Passive Technology Use Can Have a Negative Impact on Learning
OET Digital Equity Impact Fellow Zach Chase, who is leading the development of the 2024 NETP, kicked off the session by explaining why the digital use divide matters. He said that while access to technology is an important part of today’s modern classroom, digital tools alone are not the solution.
“What we’re finding is that students from historically marginalized backgrounds tend to be asked to use technology in more passive ways than their historically better-resourced peers. For example, they are asked to complete a digital version of a worksheet,” he said.
“There is not a lot of deep and complex thought going into it. While their better-resourced peers are often being asked to create, to produce, to develop, to think critically.”
He added that research shows the passive use of technology has a neutral effect and sometimes a negative effect on learning, which ultimately doesn’t solve the digital divide.
Sound Professional Development Is Key to Fixing the Digital Divide
Chase said that improving the digital design divide, a component of the digital access and digital use divides, could be the solution.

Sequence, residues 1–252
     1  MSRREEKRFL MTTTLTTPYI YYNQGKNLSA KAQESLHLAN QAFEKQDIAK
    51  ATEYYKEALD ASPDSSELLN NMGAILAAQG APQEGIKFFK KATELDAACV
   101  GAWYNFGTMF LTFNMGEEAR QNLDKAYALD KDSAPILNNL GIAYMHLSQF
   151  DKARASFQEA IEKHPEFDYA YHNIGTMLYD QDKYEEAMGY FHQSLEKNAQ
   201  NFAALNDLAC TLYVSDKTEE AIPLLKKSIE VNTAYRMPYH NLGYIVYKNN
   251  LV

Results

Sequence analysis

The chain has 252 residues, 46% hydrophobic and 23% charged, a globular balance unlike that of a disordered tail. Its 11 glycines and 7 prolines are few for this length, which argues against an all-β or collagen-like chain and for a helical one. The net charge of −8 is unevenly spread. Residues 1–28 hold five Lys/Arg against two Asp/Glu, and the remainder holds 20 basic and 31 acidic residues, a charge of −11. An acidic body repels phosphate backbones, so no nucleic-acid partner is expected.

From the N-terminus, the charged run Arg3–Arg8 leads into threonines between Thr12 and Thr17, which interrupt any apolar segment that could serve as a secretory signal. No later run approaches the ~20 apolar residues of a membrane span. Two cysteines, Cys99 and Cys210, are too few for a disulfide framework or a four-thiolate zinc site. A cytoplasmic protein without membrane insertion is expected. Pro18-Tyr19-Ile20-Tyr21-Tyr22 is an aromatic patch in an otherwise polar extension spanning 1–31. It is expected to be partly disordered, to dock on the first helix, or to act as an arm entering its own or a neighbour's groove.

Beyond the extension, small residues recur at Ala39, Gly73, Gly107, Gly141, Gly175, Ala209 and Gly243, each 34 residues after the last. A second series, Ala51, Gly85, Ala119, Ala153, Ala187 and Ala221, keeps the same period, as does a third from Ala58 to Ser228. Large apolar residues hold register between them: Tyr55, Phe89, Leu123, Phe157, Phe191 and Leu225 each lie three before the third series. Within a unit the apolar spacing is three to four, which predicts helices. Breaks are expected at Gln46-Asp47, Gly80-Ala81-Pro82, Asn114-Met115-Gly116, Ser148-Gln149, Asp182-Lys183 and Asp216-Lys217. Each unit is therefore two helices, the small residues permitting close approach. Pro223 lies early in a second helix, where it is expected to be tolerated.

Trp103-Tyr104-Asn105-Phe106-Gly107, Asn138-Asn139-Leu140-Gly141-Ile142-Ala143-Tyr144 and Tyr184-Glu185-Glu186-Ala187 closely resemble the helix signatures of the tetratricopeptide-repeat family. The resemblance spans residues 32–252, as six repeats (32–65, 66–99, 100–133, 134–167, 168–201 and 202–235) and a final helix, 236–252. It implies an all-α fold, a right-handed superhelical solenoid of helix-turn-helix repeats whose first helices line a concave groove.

“There is a divide between teachers who have what they need and the space they need to use those digital tools and to design lessons using these tools and those who do not.”
He pointed to a recent report showing that teachers have access to around 1,400 tools, but that training may end up lacking. In other words, access to more tools was not necessarily better. Mastery of a few digital tools was key.
Sound training is particularly important for teachers who design lessons for neuro variable learners. He pointed to the federal recommendations around Universal Design for Learning — which is a framework that educators can use to personalize curriculum for all learners — as another important part of effective PD.
“Professional learning has to happen. You can’t just buy a digital tool and hope for that magic to happen,” said Julia Fallon, executive director of the State Educational Technology Directors Association, one of the organizations contracted to update the NETP. “Even with developing the National Ed Tech Plan, it’s hard to come up with a formula like, ‘If you buy this, here’s how many dollars to set aside for professional learning.’
However, the magic is in the instructor’s human capacity to learn, and in how we design our learning experiences for our kids that will give them the skills that they will need to be successful.”